FDIC Chairman Martin Gruenberg to Resign

Martin Gruenberg, chairman of the US Federal Deposit Insurance Corporation (FDIC), announced on Monday his intention to resign following a critical report on the agency’s toxic workplace culture.

“In light of recent events, I am prepared to step down from my responsibilities once a successor is confirmed,” Gruenberg stated. He will remain in his role until his successor is appointed, continuing efforts to transform the FDIC’s workplace culture.

The White House confirmed that President Joe Biden would nominate Gruenberg’s successor soon.

The resignation follows intense scrutiny from Republicans during two Capitol Hill hearings last week. An independent report found widespread issues at the FDIC, including sexual harassment, discrimination, and mismanagement. More than 500 people contacted investigators via a hotline.

The report also criticised Gruenberg’s behaviour, noting he often lost his temper and interacted with staff inappropriately. Gruenberg apologised for his conduct during his testimony and claimed he was best suited to lead necessary changes at the FDIC. However, his position became untenable after Senate Banking Committee Chairman Sherrod Brown, a Democrat, urged President Biden to replace him.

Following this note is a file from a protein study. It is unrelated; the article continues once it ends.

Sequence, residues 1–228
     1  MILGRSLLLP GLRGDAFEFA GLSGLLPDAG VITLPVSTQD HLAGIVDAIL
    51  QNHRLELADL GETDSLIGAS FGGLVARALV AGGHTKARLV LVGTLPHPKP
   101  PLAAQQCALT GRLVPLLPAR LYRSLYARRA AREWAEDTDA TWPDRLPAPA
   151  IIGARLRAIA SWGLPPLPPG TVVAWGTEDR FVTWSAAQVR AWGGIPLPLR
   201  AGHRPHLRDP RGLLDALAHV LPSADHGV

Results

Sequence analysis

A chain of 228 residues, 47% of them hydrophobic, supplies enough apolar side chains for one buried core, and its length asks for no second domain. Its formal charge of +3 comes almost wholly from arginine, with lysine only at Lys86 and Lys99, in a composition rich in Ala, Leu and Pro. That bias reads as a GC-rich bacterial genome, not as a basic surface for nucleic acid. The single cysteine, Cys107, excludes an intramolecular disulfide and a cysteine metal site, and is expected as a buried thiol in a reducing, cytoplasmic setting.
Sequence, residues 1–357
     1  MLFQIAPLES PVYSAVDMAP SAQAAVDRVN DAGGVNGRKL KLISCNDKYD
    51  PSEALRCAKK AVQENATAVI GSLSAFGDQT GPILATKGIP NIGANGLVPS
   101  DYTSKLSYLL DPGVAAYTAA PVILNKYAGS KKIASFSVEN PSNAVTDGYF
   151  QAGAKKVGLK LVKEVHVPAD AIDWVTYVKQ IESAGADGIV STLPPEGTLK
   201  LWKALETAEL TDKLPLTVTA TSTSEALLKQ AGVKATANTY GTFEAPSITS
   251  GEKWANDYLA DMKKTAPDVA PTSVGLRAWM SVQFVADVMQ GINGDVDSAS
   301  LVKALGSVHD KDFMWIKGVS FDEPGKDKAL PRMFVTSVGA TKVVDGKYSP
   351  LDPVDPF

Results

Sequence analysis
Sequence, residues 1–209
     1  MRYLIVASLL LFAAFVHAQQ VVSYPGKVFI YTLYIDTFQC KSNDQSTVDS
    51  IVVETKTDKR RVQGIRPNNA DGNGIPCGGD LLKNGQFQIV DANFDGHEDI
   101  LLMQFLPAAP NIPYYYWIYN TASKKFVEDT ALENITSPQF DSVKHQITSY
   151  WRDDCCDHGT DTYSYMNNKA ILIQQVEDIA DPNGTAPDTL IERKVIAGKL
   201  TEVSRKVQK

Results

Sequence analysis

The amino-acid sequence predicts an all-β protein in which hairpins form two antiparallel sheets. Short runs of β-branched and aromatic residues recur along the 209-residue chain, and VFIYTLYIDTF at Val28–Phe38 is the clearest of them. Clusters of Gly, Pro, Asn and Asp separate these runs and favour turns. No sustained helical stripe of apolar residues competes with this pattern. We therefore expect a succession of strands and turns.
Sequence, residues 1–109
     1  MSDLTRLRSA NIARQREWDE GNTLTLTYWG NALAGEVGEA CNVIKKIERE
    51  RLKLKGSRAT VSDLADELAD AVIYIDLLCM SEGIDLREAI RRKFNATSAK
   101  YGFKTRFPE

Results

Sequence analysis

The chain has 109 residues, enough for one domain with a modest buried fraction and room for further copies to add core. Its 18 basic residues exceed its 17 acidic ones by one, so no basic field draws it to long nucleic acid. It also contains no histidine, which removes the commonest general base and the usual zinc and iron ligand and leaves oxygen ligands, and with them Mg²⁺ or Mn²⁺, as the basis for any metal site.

“After chairing last week’s hearing, reviewing the independent report, and receiving further outreach from FDIC employees, I am left with one conclusion: there must be fundamental changes at the FDIC,” Brown said in a statement. “Those changes begin with new leadership.”

Gruenberg’s decision to remain until a successor is appointed prevents a split leadership at the FDIC, which could have stalled significant regulatory actions. Among these actions are the proposed capital banking requirements, part of the Basel III endgame, which would require large banks to increase their capital by about 19 percent. These requirements have faced criticism from big banks and Republicans for potentially harming small businesses.

Fed Chairman Jerome Powell, who initially voiced scepticism but voted in favour of the requirements last year, expects “broad and material” changes to Basel III. Fed Vice Chairman for Supervision Michael Barr reiterated this stance, emphasising the importance of completing the regulatory response to the 2008 financial crisis.

Gruenberg has served on the FDIC’s board of directors since 2005.

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